The presentation was from David Yack, a Microsoft MVP and Regional Director, during a meeting in the unbelievably gorgeous mountains of Aspen, Colorado.  David is a smart dude, but among his technical prowess I believe CRM sits pretty high up in his knowledge.  He’s built a company around CRM consulting and such and I’ve not come across people in my paths that have spoke with the type of authority that David does with regard to MS CRM.  In this meeting David actually didn’t focus on CRM as a product, but as a platform.  The way it is structured (you really have to experience it and I’m not going to do it justice by trying to describe it here) enables it as a developer platform, providing flexible entity models on the back end with great end-user customization on the front-end (read: no coding to change data models and interaction with certain data).  In his hour discussion I came to appreciate his knowledge even more about presenting CRM as a .NET developer platform above the product features it provides.

A few months later at MIX08, David sat me down and showed me some stuff he was tinkering around with regarding Silverlight 2.  This was < 1 day after Silverlight 2 Beta 1 was released at MIX.  Sitting on some bean bags in the open space area, he had created a Silverlight interface to CRM data.  Turns out, CRM provides a pretty extensive service layer for developers.  Of course he did hit some snags along the way given that the CRM services implement some features not supported by Silveright 2.  Have no fear though, it still is possible!  How?  Well, David’s done a lot of the work for anyone wanting to access CRM services using Silverlight in his book CRM as a Rapid Development Platform.  In his book (chapter 7 specifically) he talks about building different user experiences for CRM, one of which is Silverlight.  The companion source code for the book provides about a 20K library to access the CRM service features from Silverlight, taking the hard work away from you and providing you with the already-implemented work-arounds to access the services.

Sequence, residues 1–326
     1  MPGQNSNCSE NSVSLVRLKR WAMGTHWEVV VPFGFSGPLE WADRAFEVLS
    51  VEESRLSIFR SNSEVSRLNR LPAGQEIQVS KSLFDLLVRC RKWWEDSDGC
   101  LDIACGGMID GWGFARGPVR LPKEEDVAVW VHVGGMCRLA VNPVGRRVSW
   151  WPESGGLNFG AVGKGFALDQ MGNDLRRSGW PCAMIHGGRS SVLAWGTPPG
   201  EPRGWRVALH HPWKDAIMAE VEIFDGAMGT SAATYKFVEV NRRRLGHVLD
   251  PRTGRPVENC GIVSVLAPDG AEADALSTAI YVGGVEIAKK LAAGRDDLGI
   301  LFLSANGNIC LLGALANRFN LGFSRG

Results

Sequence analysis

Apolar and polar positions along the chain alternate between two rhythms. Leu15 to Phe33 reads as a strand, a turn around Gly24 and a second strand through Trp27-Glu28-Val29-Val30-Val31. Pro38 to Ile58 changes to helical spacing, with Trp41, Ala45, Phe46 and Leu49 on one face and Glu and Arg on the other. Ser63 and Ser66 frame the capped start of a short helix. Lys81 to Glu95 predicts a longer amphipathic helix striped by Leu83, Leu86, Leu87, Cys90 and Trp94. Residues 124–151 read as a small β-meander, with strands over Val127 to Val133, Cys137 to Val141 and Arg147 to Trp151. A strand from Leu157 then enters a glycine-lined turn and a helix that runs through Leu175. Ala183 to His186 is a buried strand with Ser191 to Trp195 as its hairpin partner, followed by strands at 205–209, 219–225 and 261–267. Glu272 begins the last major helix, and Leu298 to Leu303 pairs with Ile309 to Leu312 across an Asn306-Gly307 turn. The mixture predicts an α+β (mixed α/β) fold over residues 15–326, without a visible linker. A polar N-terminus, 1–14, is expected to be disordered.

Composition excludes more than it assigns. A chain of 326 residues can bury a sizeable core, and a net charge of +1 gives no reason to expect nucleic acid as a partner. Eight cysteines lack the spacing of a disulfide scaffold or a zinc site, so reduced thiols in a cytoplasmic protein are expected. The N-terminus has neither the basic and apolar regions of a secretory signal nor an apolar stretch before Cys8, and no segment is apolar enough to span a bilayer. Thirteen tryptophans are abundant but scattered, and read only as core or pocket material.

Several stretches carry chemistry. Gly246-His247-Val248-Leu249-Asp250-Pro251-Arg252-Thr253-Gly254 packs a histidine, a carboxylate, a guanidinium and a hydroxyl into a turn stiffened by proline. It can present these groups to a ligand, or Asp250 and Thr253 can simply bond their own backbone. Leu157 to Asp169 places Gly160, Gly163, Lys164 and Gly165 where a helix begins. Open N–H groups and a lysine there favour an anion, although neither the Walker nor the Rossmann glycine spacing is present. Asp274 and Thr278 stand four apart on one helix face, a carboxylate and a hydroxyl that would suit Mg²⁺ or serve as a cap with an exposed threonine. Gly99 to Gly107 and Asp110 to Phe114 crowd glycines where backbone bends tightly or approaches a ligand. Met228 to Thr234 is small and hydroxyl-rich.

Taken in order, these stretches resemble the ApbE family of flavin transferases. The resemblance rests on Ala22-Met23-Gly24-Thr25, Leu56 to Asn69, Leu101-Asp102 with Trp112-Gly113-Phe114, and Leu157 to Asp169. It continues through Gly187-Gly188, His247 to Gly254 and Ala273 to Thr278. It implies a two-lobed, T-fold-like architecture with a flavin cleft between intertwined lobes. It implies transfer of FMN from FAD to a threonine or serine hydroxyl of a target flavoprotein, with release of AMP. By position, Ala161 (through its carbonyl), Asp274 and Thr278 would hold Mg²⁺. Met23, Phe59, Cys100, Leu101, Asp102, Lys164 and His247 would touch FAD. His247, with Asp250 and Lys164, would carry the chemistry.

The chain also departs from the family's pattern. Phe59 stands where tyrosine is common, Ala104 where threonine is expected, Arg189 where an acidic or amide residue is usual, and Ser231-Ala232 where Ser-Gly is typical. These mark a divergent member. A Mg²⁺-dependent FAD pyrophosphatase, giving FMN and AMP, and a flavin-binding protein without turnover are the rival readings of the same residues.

If you are involved in customizing or even understanding Microsoft CRM as a developer, this is a must-have resource.  I was fortunate to have been provided a code that I could share with you here to get you $10 off the current price for the first 20 readers here to buy the book.  Does this sound like a commercial?  Well, sorry if it does, but I know David, I’ve read portions of the book (as I mentioned I don’t work in the CRM world, so some of it doesn’t make sense to me as the API isn’t something I work with daily), and I’ve seen him speak about the developer platform capabilities.  This is a must-have resource for CRM developers.  So go to www.thecrmbook.com and use code “timheuerblog” for the deal.  Thanks to them for hooking me up with the code.

Related material:

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Are you a Netflix customer and have a Media Center PC?  Check out what one of our Media Center MVPs re-birthed.  Anthony Park, a Media Center MVP, has regenerated a project from back in 2004 (originally developed by Ryan Hurst) and released MyNetflix v2.1.

I'm not a Media Center nor Netflix user but the user interface is impressive and done very well to look like a part of the overall Media Center experience.  Here's a view of your Netflix queue:

You can see other screenshots of browsing 'top' categories, movie details and he's also now incorporated 'watch now' information as well.

Great work on extending and keeping MyNetflix alive Anthony!